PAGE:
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Traditionally, there are three types of child placement in Rhode Island. One type of placement is with the mom (or one of the moms if the couple is gay), another type of placement is with the dad (or one of the dads if the couple is gay, and the third type of placement is shared. Shared placement is becoming increasingly popular because people and the courts are realizing that it is usually in the child’s best interests to give each parent equal rights.

Instead of a one week off/one week on the schedule, there is most often an alternating schedule whereby one party has three overnights with the child one week and four overnights with the child the following week, and vice versa. Under shared placement scenarios, both parents enjoy equal time with the child.

When parties share placement of the child, the child support that’s awarded to one party or the other would be based on an analysis of who has a greater percentage of income. In traditional placement situations where placement is given to the mother and the father gets visitation, the father would pay child support. If placement is given to the father and the mother gets visitation, then the mother would pay child support.

Due to the aversion toward child support obligations, these determinations can be very emotional. Many people are not comfortable being unable to control the way their money is spent on their child. As a result, many people will fight for the placement of the child in order to avoid a child support obligation.

How Is The Amount Of Child Support Determined In Rhode Island?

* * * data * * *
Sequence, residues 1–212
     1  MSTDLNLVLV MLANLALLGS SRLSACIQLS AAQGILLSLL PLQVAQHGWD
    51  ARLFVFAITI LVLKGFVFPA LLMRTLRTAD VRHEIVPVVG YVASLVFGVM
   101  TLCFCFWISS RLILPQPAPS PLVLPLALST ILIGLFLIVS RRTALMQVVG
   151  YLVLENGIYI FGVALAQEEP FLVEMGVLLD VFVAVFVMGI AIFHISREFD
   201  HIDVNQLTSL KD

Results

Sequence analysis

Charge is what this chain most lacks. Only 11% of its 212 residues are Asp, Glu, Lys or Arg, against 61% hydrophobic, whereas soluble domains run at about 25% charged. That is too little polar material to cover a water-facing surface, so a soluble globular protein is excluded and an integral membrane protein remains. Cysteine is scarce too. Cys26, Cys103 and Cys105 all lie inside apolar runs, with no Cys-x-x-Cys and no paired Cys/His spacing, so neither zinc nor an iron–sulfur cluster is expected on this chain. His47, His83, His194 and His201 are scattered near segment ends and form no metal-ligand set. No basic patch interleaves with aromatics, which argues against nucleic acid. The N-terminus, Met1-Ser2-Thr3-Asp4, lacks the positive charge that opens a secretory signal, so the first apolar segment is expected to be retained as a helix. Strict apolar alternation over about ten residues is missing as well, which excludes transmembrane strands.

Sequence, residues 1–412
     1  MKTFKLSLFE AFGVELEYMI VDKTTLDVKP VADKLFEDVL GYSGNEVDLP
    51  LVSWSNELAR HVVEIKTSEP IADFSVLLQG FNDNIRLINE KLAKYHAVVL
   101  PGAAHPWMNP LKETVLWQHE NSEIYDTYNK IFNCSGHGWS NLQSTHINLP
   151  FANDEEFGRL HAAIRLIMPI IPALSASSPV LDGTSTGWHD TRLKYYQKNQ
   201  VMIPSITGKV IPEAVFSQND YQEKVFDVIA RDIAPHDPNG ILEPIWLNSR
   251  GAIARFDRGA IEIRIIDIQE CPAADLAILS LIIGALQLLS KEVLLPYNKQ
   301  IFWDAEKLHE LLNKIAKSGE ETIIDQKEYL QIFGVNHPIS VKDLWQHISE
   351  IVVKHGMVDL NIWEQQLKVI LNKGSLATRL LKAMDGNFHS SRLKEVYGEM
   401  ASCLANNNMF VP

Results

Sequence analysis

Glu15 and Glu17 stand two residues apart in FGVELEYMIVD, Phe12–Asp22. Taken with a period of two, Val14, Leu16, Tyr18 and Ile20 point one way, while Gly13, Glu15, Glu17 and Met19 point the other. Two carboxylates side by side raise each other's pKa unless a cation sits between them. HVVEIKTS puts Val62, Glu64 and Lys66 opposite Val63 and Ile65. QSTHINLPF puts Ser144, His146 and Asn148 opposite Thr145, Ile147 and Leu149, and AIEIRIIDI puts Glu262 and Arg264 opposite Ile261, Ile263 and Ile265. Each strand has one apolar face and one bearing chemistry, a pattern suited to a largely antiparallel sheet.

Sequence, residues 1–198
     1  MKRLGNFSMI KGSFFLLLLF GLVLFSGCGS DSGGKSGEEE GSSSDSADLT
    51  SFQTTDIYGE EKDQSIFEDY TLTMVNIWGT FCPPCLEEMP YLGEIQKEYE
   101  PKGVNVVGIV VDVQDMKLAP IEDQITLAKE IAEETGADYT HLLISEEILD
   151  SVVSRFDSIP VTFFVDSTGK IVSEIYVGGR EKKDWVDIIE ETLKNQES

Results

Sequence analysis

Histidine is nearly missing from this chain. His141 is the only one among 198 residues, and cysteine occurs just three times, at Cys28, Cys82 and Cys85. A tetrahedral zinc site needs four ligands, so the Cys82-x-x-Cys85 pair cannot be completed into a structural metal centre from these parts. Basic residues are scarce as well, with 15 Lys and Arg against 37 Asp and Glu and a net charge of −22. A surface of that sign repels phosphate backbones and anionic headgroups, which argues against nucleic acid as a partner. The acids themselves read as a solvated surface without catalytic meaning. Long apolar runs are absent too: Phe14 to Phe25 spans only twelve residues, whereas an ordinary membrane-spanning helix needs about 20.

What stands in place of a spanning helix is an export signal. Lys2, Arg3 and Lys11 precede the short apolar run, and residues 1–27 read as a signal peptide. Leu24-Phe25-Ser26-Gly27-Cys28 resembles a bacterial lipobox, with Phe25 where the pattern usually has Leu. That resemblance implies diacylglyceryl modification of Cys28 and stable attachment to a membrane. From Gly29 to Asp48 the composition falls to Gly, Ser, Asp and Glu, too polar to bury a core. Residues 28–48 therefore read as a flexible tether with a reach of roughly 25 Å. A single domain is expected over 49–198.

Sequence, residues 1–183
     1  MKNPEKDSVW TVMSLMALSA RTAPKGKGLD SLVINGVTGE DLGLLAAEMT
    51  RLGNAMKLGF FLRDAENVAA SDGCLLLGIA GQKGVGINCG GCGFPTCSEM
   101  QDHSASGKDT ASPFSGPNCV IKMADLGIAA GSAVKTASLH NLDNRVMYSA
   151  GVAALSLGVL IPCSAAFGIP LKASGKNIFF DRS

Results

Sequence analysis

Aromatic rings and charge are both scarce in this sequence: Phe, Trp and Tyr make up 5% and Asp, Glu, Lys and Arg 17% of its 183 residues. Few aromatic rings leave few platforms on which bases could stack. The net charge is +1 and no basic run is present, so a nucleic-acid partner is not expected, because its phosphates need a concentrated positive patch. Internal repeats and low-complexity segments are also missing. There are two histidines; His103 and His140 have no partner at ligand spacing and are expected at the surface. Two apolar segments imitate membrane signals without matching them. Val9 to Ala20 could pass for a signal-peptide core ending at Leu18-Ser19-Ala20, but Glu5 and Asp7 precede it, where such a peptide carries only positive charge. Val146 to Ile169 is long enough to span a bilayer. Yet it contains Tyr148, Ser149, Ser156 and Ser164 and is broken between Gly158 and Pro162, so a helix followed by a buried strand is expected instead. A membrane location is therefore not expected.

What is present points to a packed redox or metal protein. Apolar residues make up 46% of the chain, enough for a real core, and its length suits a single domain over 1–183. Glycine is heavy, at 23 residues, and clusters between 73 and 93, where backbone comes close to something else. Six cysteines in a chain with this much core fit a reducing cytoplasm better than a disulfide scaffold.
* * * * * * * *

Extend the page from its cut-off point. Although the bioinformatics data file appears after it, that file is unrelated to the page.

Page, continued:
Child support is calculated based on the Rhode Island Child Support Guidelines. It is essentially a mathematical equation with certain variables that are plugged in based on the gross income of both parties, contributions to health care, tax credits for daycare, and other considerations that are applied to an index that will then spit out a number regarding a child support obligation.

If Both Parents Have Equal Custody Or Child Placement, Does Anyone Have To Pay Child Support?

Some parties with the court’s permission will elect to leave child support open and just agree to share expenses related to the children. However, when there is a huge difference in the gross income of both households, then the party who is making significantly less will receive child support if they have had primary placement of the children.

For more information on Types Of Child Placement In Rhode Island, a free initial consultation is your next best step. Get the information and legal answers you are seeking by calling (401) 400-4400 today.

Assalone & Associates, LLC

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(401) 400-4400